For people with no experience running a factory or studying environmental policy, impressive-sounding figures touted on social media and in newsletters don’t mean very much. If a brand proudly announces a figure, we’re likely to take it at face value without investigating further. Alia Meagan, owner of clothing brand Courtyard LA, says that the lack of official verification for claims of sustainability and ethics is a part of the problem. “Any time a brand claims something, people need to know that nobody checks that,” she says.

Exaggerated and vague promises of change leaves customers confused about the actual impact of their purchases. “I am against brands claiming something that isn’t [true] because it’s not addressing issues that most women want to be a part of solving,” says Meagan. “Then they purchase something thinking they did a good deed when in fact it’s not.” But customers are often willing to turn a blind eye because we don’t ever really want to know the full impact of a purchase; it’s going to be bad no matter how Everlane or the Reformation dresses it up. Sara Ameri, a former ambassador at Everlane, noticed that most customers were looking for a good product—not investigating the ethical implications of their purchase. “I don’t think you can force someone to shop ethically for the sake of doing good, especially when so many other ethical options exist, like thrifting,” she explains. “If the product is good and the company is a notorious do-gooder, it’s just an added benefit.”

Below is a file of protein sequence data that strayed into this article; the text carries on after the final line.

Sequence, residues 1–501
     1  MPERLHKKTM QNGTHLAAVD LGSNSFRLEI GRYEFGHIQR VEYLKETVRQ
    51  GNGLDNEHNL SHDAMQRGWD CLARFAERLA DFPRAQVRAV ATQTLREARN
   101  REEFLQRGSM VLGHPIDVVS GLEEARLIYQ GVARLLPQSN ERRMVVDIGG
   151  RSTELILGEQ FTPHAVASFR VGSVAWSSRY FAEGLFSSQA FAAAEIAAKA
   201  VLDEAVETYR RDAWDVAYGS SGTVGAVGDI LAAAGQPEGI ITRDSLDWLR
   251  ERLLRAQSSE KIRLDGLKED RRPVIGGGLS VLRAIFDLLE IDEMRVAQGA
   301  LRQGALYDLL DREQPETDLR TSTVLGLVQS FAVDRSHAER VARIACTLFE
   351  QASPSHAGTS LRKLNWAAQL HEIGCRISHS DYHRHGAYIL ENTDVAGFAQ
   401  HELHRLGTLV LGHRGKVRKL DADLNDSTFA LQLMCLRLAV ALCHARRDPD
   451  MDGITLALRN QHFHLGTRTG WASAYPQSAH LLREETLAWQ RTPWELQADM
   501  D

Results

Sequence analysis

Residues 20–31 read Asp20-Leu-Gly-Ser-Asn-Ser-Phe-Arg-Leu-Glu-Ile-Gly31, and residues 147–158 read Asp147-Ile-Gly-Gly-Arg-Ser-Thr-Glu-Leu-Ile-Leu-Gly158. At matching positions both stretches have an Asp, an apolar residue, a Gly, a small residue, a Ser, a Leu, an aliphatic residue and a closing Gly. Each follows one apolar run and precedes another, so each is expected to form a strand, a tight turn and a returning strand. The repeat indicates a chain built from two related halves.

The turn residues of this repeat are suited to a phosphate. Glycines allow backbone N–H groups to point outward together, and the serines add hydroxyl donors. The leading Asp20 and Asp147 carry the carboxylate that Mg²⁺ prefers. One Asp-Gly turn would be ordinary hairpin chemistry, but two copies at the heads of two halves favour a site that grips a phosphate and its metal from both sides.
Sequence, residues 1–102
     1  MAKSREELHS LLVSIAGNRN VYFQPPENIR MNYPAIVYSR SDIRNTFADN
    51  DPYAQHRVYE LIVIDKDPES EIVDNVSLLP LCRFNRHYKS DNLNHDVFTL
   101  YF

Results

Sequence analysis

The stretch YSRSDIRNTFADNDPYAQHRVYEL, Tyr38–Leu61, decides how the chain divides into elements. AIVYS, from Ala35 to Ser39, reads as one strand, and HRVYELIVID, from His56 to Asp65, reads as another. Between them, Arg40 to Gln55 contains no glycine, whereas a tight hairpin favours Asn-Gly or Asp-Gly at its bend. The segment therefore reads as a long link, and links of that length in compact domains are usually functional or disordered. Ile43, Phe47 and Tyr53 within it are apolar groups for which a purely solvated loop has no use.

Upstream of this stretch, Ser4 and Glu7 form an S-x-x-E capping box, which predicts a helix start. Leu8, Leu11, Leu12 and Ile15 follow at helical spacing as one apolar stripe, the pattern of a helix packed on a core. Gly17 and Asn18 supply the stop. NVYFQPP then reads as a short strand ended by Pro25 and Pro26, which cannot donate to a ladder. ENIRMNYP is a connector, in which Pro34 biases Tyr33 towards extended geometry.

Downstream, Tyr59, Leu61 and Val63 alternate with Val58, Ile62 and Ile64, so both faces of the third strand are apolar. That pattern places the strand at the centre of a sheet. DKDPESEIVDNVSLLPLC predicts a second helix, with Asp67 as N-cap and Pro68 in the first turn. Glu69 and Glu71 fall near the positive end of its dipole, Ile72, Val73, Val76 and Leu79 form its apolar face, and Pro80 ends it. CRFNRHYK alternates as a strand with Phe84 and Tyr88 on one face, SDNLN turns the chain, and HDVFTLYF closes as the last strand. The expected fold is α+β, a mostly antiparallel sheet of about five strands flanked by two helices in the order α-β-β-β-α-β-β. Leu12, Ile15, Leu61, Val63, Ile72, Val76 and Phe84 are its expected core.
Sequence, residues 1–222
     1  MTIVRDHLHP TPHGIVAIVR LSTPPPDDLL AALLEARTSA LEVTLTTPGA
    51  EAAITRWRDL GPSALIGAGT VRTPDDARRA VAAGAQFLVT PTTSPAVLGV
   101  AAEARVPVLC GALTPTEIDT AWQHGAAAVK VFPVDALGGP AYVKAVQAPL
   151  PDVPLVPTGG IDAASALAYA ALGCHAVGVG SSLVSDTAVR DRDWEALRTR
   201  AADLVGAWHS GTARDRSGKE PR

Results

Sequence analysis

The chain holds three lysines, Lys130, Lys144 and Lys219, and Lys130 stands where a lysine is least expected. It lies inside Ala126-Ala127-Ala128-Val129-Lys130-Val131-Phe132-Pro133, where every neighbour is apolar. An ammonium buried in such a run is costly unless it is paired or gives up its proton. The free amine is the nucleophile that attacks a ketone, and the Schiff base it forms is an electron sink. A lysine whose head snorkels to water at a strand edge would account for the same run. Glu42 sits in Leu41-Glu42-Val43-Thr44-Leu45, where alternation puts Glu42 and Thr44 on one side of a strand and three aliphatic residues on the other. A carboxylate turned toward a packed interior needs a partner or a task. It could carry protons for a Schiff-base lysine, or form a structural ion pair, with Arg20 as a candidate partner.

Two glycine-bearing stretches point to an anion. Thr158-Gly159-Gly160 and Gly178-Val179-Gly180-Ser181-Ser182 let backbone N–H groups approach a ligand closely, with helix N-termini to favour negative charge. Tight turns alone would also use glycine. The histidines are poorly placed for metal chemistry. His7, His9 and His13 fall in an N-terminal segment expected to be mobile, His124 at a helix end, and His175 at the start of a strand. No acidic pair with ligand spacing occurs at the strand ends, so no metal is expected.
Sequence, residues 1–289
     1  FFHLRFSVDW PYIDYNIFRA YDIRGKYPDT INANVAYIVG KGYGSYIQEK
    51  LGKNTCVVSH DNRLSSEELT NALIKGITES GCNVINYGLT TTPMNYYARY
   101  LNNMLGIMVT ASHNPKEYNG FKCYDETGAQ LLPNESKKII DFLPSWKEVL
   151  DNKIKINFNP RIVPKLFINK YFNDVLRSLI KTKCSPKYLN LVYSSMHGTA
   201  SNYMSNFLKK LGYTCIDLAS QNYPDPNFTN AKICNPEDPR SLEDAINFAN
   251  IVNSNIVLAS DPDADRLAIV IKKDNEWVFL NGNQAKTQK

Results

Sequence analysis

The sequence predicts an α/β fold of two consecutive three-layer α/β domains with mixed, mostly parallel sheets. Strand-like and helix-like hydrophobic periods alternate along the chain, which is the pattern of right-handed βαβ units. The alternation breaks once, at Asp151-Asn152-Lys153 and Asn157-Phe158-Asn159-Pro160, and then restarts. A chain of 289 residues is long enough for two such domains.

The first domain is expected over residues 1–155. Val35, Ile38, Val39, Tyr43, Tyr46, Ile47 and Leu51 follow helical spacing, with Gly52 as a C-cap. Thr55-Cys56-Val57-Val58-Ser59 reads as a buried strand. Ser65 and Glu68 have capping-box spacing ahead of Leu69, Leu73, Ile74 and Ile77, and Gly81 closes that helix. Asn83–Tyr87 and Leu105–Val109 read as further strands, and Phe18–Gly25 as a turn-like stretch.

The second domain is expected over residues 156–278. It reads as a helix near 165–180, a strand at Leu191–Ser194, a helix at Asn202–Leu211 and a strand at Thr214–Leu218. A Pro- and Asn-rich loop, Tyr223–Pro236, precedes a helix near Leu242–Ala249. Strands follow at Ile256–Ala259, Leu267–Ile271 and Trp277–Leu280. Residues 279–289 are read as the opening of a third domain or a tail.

And when brands that are supposed to be good are caught doing something that undermines their whole message, it reveals what we already know deep down: There’s no way to buy cheap, trendy, and convenient clothes without some kind of exploitation. Outdoor Voices imploded earlier this year amid stories of a toxic and dysfunctional work environment, and Everlane was roundly criticized for firing its workers who were attempting to unionize, with Bernie Sanders tweeting, “Using this health and economic crisis to union bust is morally unacceptable. I’m calling on [Everlane] to bring workers back on payroll and recognize the [Everlane union].”

Consumers are looking for permission, amid all the slick packaging and smooth talking, to buy a cheap shirt without feeling as if we’re contributing to inequality and climate change. But in the end, much ethical marketing language—as inspiring and aspirational as it might be—is still just marketing.


Jasmine writes to pay off her parking tickets. Send her funny tweets @jflgarnett!